Hard times on the HIPAA front

A trio of ugly situations means painful publicity for lazy or sloppy organizations

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The employee strikes back

Beyond sloppy implementation, the HHS is looking for what's referred to in the law as "willful neglect" -- a "conscious, intentional failure or reckless indifference to the obligation to comply with the administrative simplification provision violated." An employee of Providence Health System in Portland, Ore., was asked to store backup tapes off-site in his car, and when the car was broken into, media with unencrypted personal information on 365,000 patients was stolen. After Steven Shields reported the incident to the authorities, Providence terminated his employment in what he claims is a retaliatory action prohibited by whistle-blower protection laws.

Various sources and a commenter to the Computerworld article indicate that Providence's Home Services division -- where Shields was employed -- operated an independent IT group with lax or absent governance oversight or compliance review. In an unfortunately common situation, it's likely that Shields was asked by a manager to take the tapes off-site in a superficial attempt to follow the HIPAA security rule.

However, sending tapes home with an employee accomplishes the off-site requirement but breaks numerous other rules. An off-hours employee in his home is not the same thing as a service provider. Unless the person contractually agrees to provide controlled, monitored, and secure transport and storage of data -- in a service contract that meets the business-associate rules -- then the data is intentionally out of control of the covered entity. If this isn't "willful neglect" of the HIPAA provisions, I don't know what is.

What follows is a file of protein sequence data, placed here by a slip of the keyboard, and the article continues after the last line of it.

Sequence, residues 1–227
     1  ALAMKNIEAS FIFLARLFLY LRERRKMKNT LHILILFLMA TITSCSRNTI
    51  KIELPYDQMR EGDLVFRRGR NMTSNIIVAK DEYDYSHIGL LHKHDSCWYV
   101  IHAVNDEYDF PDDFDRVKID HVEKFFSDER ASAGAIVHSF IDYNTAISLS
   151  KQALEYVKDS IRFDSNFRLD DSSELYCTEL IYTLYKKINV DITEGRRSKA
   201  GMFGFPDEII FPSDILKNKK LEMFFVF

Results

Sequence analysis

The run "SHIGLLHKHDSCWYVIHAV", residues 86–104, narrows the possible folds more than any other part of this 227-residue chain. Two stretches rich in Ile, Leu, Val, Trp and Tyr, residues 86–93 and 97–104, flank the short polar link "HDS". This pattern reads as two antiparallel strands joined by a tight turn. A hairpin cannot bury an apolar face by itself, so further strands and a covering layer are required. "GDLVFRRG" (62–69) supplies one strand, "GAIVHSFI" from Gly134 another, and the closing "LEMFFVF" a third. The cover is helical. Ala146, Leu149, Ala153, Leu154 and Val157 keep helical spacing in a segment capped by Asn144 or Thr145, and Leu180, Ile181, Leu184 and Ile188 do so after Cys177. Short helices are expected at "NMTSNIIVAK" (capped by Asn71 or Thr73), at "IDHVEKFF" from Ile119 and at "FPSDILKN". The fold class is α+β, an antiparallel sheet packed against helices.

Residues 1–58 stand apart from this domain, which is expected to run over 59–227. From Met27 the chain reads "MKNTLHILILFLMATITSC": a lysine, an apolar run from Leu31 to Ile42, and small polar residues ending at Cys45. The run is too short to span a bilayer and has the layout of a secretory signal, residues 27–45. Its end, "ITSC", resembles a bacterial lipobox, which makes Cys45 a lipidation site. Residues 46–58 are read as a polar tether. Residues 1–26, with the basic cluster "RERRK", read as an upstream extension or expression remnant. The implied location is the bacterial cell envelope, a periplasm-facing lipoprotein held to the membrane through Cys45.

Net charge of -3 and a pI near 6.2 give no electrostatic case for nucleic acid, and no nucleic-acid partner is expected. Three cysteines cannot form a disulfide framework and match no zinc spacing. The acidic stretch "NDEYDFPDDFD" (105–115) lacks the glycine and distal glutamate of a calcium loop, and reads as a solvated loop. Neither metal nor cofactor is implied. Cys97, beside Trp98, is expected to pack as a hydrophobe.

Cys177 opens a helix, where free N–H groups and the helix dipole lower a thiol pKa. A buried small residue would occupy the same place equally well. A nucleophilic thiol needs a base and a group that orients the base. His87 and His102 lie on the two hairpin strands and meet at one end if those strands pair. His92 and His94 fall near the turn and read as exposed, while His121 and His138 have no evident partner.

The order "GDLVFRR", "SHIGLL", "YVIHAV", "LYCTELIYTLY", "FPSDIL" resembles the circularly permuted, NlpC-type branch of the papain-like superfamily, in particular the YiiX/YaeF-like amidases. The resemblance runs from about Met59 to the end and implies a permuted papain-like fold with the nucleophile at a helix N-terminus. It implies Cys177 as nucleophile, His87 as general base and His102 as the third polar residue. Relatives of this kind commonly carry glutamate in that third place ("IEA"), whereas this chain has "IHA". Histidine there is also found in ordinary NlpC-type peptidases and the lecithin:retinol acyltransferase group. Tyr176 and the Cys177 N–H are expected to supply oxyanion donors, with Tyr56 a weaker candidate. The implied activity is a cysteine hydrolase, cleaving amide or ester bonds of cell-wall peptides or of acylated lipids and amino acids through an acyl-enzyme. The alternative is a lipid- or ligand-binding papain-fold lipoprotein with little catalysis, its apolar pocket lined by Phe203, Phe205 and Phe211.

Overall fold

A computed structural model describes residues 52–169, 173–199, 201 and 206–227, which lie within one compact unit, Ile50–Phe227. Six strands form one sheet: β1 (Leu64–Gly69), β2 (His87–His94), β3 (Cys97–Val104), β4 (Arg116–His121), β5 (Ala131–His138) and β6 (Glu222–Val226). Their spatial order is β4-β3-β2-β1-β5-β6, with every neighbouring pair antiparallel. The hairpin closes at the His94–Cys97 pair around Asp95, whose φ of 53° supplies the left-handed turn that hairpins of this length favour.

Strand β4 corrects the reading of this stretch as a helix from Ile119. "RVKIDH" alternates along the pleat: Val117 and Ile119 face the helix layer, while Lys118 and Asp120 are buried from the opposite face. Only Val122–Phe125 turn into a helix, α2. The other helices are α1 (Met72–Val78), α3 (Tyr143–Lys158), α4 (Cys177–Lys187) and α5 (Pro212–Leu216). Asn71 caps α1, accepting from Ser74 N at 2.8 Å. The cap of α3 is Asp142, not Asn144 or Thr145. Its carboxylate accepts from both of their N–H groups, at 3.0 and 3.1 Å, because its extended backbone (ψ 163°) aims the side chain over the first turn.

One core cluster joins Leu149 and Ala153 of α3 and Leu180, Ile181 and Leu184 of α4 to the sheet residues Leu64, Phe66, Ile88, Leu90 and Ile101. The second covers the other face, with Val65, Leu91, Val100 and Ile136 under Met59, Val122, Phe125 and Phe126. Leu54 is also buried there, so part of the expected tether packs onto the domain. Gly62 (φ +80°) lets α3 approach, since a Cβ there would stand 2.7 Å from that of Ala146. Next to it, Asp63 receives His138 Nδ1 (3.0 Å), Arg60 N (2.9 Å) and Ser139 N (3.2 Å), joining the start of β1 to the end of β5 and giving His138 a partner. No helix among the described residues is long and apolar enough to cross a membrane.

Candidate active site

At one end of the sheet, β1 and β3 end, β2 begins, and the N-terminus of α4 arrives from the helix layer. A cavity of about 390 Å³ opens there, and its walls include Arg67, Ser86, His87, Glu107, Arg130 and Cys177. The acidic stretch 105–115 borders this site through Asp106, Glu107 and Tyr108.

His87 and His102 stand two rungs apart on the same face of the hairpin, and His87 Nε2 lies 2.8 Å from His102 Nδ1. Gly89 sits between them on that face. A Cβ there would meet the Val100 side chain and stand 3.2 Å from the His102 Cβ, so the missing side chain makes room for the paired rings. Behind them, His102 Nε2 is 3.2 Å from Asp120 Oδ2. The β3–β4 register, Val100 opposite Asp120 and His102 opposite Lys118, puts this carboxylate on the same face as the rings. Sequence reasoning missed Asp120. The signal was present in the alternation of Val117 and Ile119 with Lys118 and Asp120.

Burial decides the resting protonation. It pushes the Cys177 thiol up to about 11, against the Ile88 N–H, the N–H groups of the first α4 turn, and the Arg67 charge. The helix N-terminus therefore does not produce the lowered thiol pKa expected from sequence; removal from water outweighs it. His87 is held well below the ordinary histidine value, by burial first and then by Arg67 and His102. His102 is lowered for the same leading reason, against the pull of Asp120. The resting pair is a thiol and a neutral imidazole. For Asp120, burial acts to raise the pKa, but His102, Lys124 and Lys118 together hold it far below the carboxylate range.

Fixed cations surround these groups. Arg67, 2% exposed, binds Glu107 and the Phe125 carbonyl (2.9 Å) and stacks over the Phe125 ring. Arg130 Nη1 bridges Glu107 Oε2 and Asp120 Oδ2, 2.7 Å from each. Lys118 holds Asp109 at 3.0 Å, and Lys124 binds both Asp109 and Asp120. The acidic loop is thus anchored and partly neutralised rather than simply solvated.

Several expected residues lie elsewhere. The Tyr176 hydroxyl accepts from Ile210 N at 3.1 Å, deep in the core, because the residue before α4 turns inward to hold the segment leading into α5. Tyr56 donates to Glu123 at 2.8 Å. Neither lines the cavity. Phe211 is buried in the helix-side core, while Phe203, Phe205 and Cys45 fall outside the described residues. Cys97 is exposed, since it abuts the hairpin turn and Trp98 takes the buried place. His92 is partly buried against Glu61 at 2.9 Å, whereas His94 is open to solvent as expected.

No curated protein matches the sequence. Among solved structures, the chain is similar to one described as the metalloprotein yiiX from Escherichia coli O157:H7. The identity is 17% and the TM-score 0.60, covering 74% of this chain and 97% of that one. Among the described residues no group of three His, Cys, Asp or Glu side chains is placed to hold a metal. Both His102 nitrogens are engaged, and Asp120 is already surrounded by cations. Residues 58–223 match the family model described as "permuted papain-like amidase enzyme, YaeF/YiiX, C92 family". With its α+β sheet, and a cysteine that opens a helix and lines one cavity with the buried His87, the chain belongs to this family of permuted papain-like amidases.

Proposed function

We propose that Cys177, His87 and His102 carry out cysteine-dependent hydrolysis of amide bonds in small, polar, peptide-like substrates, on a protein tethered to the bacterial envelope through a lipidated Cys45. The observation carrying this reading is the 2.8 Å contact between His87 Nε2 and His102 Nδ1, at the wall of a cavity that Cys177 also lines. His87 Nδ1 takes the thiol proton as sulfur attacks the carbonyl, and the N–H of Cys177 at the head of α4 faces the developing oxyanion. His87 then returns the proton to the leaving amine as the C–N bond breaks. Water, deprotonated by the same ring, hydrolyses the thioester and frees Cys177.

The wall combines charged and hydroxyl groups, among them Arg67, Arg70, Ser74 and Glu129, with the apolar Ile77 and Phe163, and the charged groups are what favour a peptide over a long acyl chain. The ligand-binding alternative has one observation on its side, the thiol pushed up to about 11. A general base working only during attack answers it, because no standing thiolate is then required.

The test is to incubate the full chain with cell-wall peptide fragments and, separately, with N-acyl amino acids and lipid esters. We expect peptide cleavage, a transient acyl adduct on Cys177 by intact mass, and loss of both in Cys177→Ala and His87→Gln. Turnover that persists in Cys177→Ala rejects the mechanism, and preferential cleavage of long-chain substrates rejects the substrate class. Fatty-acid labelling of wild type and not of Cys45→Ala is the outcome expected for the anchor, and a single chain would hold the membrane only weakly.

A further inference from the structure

It really can get worse

For those still waffling between the hassle of compliance versus the risk of getting an unpleasant and prolonged visit from HHS, have a look at two parts of the HIPAA enforcement rule, linked above. Pay special attention to Subpart C, §160.310, "Responsibilities of Covered Entities" -- yes, covered organizations really do have to open their doors and let auditors tromp around in their records as well as the physical site.

As if the disruption and potential work stoppage from an audit isn't enough, the enforcement rule includes my favorite tool for behavior modification: public humiliation. Buried in Subpart D, §160.426, there's a section entitled "Notification of the public and other agencies." Serious violators can be sure the HHS will follow a final penalty (fines and/or jail time) with public notices and notification letters to state and local medical and professional organizations, state agencies administering or supervising appropriate health care programs, "appropriate utilization and quality control peer-review organization[s], and the appropriate state or local licensing agency or organization."


Just read it

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